They were seen posing for a photo, but Wollongong lord mayor Gordon Bradbery wanted more from NSW Premier Mike Baird than just a happy snap on Monday.
Cr Bradbery, who is contesting the upcoming Wollongong byelection as an independent, used Mr Baird’s fleeting visit to the city as a chance to get in his ear about a number of council-related issues.
The Wollongong Harbour precinct, WIN Entertainment Centre (WEC) refurbishment, Lake Illawarra land and assets, disability access at Unanderra railway station and Australian-made steel use made the list of Wollongong City Council’s “highest priorities”.
Outlining the platform on an “Office of the Lord Mayor” letterhead, seen by the Mercury, Cr Bradbery’s call for state government action stressed Wollongong was a “major regional economic hub” and the “coastal playground for the south-western Sydney growth corridor”.
On the Wollongong Harbour front, Cr Bradbery had planned to take Mr Baird to the city’s iconic precinct so he could see the need for improvements first-hand.
Inclement weather and the Premier’s tight commitment schedule meant the harbour stroll didn’t occur, but that didn’t stop the lord mayor’s push for state funding and action.
In his letter, Cr Bradbery called on Mr Baird to “instigate the funding needed to reinstate the use of the ramp/slipway and the refuelling component” at the harbour and to progress the precinct’s masterplan “as a matter of priority”.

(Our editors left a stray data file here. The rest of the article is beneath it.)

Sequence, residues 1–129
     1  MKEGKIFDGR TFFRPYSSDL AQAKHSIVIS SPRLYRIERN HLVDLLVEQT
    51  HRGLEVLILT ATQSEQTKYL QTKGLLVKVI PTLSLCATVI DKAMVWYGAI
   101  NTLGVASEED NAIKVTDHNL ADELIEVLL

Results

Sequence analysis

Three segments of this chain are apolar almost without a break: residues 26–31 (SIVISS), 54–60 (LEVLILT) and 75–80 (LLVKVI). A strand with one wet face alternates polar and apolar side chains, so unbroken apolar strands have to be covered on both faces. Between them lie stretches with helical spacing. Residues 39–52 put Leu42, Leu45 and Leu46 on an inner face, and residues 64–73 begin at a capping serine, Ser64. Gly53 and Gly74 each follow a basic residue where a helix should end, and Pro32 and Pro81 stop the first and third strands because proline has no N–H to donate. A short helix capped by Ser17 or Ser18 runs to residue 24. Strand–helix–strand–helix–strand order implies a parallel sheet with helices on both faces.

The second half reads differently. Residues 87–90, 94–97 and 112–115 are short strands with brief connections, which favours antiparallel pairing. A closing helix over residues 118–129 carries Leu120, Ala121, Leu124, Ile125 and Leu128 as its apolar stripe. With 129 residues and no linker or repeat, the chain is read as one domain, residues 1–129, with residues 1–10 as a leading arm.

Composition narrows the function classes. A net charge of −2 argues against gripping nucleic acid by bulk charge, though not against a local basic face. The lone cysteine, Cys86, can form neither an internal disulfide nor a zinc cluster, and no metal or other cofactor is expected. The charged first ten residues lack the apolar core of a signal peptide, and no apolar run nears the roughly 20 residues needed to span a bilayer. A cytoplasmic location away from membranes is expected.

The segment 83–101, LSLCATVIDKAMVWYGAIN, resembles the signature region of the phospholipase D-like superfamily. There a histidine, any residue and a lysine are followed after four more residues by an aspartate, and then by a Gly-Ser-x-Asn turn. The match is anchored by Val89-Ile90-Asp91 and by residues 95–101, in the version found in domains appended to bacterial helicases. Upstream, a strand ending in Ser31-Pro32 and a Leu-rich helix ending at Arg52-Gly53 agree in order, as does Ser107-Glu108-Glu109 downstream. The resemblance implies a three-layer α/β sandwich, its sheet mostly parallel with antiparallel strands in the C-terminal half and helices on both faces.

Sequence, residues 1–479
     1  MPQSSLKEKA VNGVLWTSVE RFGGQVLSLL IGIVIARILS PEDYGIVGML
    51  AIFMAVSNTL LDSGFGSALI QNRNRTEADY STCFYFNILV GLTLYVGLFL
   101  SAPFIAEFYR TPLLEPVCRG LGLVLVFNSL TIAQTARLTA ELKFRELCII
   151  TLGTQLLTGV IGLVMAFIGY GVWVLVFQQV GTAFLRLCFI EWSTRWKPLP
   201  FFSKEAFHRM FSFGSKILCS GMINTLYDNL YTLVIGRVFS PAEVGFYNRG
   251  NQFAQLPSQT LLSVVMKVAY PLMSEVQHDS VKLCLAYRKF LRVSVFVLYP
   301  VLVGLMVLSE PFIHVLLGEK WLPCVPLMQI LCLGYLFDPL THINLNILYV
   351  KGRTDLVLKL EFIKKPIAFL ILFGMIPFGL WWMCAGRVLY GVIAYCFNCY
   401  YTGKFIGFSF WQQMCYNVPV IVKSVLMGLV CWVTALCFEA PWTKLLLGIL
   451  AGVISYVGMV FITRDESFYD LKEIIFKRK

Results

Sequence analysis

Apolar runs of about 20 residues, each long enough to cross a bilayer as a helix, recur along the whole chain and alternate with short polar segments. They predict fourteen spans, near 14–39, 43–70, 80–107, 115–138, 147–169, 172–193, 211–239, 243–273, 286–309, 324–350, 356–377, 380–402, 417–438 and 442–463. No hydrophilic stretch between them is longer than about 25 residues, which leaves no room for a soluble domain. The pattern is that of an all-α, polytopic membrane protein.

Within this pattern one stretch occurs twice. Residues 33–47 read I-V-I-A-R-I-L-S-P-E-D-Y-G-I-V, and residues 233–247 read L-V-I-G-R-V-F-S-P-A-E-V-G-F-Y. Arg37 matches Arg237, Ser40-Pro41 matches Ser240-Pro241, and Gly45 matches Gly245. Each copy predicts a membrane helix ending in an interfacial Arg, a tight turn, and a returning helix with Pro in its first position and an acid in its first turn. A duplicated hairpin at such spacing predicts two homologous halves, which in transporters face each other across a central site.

“It is one thing for the council to put in all that work around that area, it’s another thing to basically frame what I consider an ancient piece of poetry that is now needing to be revamped,” Cr Bradbery told the Mercury.
“It is just ridiculous. Council’s done its bit, now the Department of Lands through the Department of Industry needs to come to the party.”
Cr Bradbery indicated he would also make the council’s priorities “very clear” to the Illawarra’s parliamentary secretary, Gareth Ward.
“We’re a significant player in the state economy ... and we deserve better in terms of our cut of the attention of the state government,” he said.
Harbour in a ‘state of disrepair’
Stephen Phillips’ boat was damaged when an east coast low battered Wollongong Harbour in June.
With no harbour slipway to allow him to pull the vessel from the water, the Wollongong Yacht Club (WYC) Commodore has been undertaking the temporary work required for an ocean trip to Sydney for repairs.
Getting the slipway operational again and improving the general appearance of the harbour are atop the WYC’s priorities.
“There’s lots of temporary fencing at the moment from where the slipway’s been closed down and then the damage from the storms,” Mr Phillips said.
“What tends to happen is once you start getting those rundown things … you end up in a bit of a downward spiral. I think it’s important to arrest that before it goes too far.”